What did Jesus do that provoked murderous anger? Each of the Gospels has a different angle.
In Mark’s Gospel, Jesus has a series of confrontations with the religious leaders over things like healing on the Sabbath, forgiving sins, and is in direct conflict over interpreting the religious law. The religious leaders decide he must die by chapter 3 in Mark.
Luke’s Gospel focuses more on social justice. Jesus begins his ministry preaching good news for the poor, freedom for captives, healing for the blind and lame and the forgiveness of debts. Health care for all, forgive student loans and medical debt, prison sentencing reform and more social spending. No wonder they wanted to crucify him. Oscar Romero, who was assassinated by the military government of El Salvador while saying mass, once said, “When I fed the poor, everyone said I was a saint. When I asked why they were poor, they called me a Communist.”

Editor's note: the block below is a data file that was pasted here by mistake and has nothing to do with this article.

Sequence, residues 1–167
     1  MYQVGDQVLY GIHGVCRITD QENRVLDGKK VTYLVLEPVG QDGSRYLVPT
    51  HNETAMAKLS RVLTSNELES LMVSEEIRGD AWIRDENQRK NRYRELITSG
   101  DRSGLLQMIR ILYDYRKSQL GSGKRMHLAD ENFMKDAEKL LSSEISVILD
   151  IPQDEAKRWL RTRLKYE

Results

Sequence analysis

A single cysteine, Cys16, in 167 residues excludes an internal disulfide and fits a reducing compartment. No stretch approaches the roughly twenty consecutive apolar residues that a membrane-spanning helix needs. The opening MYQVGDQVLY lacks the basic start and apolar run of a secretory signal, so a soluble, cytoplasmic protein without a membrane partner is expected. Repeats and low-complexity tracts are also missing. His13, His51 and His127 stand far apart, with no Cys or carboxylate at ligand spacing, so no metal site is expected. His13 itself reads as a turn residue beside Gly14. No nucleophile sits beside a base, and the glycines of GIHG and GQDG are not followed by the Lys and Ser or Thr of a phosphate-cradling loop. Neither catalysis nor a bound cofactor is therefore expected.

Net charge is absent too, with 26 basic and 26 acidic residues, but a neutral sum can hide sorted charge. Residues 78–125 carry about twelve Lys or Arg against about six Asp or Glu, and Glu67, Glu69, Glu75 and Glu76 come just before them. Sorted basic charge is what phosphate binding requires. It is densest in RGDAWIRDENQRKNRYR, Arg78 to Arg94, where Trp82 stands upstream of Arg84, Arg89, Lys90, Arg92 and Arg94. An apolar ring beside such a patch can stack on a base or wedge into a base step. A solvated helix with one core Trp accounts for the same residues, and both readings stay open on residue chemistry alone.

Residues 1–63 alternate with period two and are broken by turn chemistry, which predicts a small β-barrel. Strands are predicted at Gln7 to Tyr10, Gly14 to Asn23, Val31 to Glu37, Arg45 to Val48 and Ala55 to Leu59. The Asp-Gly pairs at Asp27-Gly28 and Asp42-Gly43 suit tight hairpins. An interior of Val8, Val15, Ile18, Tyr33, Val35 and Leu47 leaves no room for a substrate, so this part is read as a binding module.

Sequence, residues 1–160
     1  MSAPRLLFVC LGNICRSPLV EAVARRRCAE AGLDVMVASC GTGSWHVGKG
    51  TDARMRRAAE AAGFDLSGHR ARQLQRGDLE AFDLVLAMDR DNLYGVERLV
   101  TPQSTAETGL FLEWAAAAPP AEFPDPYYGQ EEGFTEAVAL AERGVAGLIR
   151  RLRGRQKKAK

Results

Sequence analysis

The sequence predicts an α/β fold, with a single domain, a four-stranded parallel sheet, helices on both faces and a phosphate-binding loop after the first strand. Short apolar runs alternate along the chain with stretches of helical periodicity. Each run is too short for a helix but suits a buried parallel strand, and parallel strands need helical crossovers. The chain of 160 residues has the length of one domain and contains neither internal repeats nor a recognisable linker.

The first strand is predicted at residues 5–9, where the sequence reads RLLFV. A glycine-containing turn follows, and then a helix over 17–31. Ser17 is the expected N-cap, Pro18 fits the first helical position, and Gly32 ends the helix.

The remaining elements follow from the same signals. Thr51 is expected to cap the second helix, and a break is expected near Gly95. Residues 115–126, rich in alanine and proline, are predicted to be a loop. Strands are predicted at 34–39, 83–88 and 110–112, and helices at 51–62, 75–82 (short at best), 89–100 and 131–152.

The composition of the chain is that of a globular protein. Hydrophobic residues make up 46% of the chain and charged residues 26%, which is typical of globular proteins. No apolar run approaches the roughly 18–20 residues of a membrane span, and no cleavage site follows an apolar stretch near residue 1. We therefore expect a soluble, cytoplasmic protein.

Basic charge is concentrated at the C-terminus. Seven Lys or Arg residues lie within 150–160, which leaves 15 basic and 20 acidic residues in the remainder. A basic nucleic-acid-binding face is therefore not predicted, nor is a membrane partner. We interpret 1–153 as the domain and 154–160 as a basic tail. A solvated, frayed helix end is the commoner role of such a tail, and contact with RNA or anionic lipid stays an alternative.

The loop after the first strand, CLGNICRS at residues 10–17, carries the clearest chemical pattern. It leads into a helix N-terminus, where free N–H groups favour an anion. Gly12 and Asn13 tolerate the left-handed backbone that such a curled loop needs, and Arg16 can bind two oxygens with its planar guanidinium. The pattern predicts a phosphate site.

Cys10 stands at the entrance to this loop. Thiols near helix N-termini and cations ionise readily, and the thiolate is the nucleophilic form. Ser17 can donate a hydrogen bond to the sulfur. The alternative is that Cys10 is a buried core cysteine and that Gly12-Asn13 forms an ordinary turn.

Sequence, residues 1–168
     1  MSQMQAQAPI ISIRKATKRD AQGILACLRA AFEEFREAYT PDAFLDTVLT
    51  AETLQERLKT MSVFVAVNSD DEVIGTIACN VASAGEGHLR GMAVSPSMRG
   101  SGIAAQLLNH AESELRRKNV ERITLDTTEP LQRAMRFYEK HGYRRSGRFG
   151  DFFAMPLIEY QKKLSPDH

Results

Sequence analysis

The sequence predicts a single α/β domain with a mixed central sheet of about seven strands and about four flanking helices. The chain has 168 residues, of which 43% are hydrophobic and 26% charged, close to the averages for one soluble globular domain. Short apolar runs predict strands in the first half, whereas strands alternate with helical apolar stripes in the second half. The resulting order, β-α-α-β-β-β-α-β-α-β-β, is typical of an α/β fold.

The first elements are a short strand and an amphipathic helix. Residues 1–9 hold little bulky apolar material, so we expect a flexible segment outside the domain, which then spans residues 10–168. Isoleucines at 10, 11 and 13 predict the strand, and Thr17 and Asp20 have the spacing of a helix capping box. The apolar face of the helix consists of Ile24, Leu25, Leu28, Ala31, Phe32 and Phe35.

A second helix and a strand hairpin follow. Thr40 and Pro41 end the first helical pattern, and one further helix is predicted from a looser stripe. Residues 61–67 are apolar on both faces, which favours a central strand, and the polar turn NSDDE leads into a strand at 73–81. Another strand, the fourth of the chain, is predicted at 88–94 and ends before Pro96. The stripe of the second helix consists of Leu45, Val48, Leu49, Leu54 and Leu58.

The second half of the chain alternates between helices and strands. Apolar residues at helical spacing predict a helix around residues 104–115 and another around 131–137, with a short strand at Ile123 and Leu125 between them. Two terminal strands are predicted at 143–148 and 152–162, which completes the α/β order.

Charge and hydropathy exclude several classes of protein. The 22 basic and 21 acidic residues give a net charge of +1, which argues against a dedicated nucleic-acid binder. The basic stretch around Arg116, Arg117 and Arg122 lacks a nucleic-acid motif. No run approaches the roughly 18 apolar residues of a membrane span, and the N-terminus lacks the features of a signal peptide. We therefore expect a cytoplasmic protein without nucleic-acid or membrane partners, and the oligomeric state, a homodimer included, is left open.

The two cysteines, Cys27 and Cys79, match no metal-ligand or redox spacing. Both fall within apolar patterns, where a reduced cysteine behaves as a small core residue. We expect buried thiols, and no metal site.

Matthew’s Gospel portrays Jesus as the new Moses. We all know what Moses did, freeing the people from bondage from Pharaoh. John’s Gospel is the least overtly political, focusing on the Jewish religious leaders, who decide Jesus must die after he raised Lazarus from the dead. That is what they felt as the deepest threat to their authority. A quick sidebar on John’s language here. His continued use of “the Jews” is troubling. In European history, this text is drenched in blood. From the crusades, to pogroms, to the Holocaust, this text has been used to blame Jews for the crucifixion of Jesus, and therefore they can be killed too. Everything Jesus taught was against killing people over religious or political differences. I read this text as an example of what most authorities do when their power is threatened. They suppress people who challenge them, often with violence.